Winning on the road requires sharper focus and better play, because often the breaks — and whistles — fall to the home team.
Behind the Clipboard By Clay Kallam
We went to a tournament and stayed overnight, and we did OK, but the refs were so biased. We played local teams twice and each time, they got all the calls. Our best player fouled out in one game. Does that always happen when teams go on the road?
Here’s my favorite story about getting homered: One year at Campolindo, we traveled to Winslow, Arizona, to play in a tournament on the Navajo reservation. We were very good, and got to the finals. The night before, one of our parents asked me how we would do. I said, “We’re probably going to lose because they’re going to foul out our best players.” She was shocked.
So when we come into the gym the next day, I notice one of the refs walking into the opposing coach’s office (we were playing Winslow), and he stayed there for 20 minutes. When the game started, the whistles started blowing, and our top players were all in foul trouble. Winslow was pretty good, so going into the fourth quarter, we were down 13 in front a packed gym of Native Americans screaming for the home team. Our little suburban enclave of parents and players was huddled around our bench, frustrated and beaten down.
But then the referees lost focus, and we came storming back, and managed to send the game into overtime. The crowd is going crazy the whole time, and once in OT, our remaining top players fouled out and we lost.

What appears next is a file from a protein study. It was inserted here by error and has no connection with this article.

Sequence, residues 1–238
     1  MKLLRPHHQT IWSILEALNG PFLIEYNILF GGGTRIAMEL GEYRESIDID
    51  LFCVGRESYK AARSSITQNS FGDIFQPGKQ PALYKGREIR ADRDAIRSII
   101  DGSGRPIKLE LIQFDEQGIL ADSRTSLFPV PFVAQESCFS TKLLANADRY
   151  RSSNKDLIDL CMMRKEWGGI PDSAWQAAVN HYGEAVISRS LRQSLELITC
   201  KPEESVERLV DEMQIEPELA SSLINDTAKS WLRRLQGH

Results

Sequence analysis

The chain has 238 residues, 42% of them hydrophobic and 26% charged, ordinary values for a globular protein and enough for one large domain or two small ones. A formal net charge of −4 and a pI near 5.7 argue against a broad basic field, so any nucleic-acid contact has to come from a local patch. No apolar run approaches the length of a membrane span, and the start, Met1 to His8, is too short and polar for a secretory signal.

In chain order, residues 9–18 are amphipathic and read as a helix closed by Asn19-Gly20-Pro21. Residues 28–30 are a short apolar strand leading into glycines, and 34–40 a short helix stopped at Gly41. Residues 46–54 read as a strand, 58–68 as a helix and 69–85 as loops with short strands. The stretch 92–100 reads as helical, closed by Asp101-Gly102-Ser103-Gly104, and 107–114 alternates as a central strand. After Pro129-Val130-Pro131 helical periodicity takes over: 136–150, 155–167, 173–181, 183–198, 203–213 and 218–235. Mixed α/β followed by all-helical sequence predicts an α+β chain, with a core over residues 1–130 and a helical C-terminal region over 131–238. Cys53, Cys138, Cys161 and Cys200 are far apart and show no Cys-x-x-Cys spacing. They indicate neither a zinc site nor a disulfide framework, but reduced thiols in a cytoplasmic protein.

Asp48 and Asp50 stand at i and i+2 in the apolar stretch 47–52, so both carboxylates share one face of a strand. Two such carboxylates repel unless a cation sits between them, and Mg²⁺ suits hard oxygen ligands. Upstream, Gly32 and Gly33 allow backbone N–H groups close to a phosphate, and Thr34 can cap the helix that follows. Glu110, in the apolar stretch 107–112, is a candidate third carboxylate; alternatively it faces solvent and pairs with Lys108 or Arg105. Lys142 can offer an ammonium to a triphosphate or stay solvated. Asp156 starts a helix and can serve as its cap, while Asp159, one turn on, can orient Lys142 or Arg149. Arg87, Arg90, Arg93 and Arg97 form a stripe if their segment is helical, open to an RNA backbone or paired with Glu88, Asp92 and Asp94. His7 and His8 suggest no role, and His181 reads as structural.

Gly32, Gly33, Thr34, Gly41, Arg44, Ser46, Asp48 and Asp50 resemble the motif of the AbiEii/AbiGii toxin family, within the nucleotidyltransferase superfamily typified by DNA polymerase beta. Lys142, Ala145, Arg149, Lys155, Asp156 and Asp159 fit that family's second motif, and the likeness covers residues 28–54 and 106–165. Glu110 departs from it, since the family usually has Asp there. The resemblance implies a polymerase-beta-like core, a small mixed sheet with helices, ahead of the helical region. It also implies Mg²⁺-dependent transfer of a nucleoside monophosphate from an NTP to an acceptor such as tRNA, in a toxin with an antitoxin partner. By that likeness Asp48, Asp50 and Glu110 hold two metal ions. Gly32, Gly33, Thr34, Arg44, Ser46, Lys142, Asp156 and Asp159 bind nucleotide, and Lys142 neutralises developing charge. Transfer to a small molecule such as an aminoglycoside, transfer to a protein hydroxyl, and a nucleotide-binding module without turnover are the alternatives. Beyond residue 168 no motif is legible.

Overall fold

After the game, people were coming up to me and saying “Winslow never loses at home,” or “Great game,” or “Too bad your girls fouled out.”
Finally, one old Native American comes up next to me, puts his arm around me and says “Now you know how Custer felt.”
Or, to answer your question another way, any time you’re playing far away from home, you’re likely to get hosed. Even in your own gym, you need to be at least 10 points better to guarantee a win because high school officials, like high school players, work hard but may not be all that talented. But when you’re playing in a situation where the officials know the other coaches by their first names and have never seen you before, you should plan on playing 15 points better if you expect to win. Or maybe 20.
It’s not that anyone’s cheating, it’s just human nature — and that’s why it’s the mark of a superior team to be able to go on the road and beat a quality opponent. So don’t whine about the officiating; just play better.
Clay Kallam is an assistant athletic director and girls varsity basketball coach at Bentley High in Lafayette. To submit a question for Behind the Clipboard, email him at email@example.com
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